Milwaukee mathletes prepare to compete
The old joke runs, there are three kinds of people: those that can do math and those that can't.
Among the first group are America's young mathletes. And the local numbers kids face off in the Greater Milwaukee Area MATHCOUNTS competition, which is held this year on Feb. 5 at Milwaukee School of Engineering. Public and private middle schools take part in the event.
When the event takes place, in advance of the state finals in March, which ultimately lead top finishers to the nationals, all eyes will be on Roosevelt Middle School of the Arts' seventh grader Stephen Wasielewski, who made it to the national finals in Florida last year, says local coordinator Todd Stelmacher, a civil engineer who works at Symbiont here in the Milwaukee area.
"It's amazing that our top mathlete from the local competition, a sixth grader, finished in the top four in Madison, and went to Orlando last year," enthuses Stelmacher. "He'll be back this year and next!"
MATHCOUNTS Foundation was launched in 1984 to, in its words, "promote math excellence among U.S. middle school students."
The competition is sponsored by The National Society of Professional Engineers and the Wisconsin chapter supports the state and local competitions. It was via the society that Stelmacher became involved about 8 years ago.
Stelmacher works with about 20 other volunteers, including the ones who proctor the "math bee" on game day.
The competition has both oral and written rounds and team and individual challenges and focuses on the National Council of Teachers in Mathematics' standards for sixth through eighth grade.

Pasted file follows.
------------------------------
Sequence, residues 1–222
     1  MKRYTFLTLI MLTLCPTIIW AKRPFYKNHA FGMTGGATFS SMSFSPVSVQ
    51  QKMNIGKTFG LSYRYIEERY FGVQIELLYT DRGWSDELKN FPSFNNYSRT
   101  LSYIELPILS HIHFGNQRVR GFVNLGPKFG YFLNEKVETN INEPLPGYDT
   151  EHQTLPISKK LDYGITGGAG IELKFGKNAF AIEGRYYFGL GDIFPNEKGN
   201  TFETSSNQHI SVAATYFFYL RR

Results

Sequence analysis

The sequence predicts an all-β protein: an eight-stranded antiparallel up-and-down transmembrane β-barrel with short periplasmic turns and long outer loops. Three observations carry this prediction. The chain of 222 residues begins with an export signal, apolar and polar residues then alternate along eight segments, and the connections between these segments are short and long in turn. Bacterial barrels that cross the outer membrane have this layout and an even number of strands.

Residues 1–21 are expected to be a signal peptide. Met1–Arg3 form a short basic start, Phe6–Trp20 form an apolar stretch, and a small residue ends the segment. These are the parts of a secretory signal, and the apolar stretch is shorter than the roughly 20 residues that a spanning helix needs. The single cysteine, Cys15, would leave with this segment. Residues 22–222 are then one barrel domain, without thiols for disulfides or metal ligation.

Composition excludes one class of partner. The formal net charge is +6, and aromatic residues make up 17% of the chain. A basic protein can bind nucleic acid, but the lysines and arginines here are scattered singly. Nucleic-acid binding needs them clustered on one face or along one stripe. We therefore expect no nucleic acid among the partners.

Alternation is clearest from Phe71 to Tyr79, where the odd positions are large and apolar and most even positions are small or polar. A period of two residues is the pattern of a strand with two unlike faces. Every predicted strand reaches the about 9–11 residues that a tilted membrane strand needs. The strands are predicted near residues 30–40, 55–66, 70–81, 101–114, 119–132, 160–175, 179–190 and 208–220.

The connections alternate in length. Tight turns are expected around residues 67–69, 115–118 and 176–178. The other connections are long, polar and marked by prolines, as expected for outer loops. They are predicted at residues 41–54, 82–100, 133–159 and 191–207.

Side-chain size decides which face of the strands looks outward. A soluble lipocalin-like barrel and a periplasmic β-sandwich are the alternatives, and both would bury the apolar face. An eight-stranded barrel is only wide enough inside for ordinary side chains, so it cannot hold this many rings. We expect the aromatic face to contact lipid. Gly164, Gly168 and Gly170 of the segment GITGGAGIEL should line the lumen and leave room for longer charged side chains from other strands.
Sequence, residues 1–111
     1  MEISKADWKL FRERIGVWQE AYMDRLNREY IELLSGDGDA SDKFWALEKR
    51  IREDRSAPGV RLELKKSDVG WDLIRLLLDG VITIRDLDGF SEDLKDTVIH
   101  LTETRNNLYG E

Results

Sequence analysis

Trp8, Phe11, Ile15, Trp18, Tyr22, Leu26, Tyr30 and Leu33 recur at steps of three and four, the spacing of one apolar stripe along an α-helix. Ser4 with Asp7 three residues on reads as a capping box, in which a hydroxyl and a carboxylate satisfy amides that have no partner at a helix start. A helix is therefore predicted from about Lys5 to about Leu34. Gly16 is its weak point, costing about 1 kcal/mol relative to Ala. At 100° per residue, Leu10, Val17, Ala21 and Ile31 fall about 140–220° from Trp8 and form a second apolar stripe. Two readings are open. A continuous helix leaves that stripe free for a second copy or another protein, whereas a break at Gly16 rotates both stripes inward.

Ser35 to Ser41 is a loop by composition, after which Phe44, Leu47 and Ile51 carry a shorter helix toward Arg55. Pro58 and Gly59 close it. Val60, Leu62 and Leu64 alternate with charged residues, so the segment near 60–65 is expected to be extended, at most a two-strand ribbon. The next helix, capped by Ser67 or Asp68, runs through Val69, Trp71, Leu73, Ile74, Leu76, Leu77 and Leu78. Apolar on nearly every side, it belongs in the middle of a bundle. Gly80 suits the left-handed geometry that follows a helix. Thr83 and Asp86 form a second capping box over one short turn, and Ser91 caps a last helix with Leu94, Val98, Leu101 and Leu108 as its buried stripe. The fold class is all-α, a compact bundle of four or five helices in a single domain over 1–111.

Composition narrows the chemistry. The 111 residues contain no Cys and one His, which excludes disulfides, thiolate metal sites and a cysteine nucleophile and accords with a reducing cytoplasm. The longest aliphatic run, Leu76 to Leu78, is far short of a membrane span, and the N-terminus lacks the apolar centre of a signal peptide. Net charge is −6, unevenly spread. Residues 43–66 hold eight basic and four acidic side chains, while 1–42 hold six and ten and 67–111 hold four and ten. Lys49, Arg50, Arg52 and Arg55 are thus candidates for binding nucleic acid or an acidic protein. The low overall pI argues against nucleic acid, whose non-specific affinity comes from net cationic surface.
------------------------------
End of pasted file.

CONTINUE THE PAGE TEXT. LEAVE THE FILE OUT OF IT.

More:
The competition kicks off around 9 on a Saturday morning in what will likely be a chilly Downtown Milwaukee, with about 125 mathletes competing to advance to the next round.
"The Mathletes solve series of individual, timed written problems," says Stelmacher. "After the individual competition we split into four-person teams and the teams work together to solve a set of problems."
While the competitors and coaches are cooling down and chowing down on lunch, MATHSCORES volunteer scorers will be busy tabulating results of the morning's heats. In the afternoon, the competition takes on a format that Bob Barker would appreciate.
"We call the top individual finishers to the front of the room and hold a playoff in a game show format so everyone can watch these exceptional students in action," says Stelmacher. "It's impressive and that's the most like the spelling bee that you're familiar with."
Stelmacher says the public is welcome to attend the afternoon playoff round.
At the end of the day, trophies are awarded and the top teams and individuals mark the state competition date in their calendars and hope to be among the top four Wisconsin finishers. They'll head to Washington DC for the national championship May 5-8.
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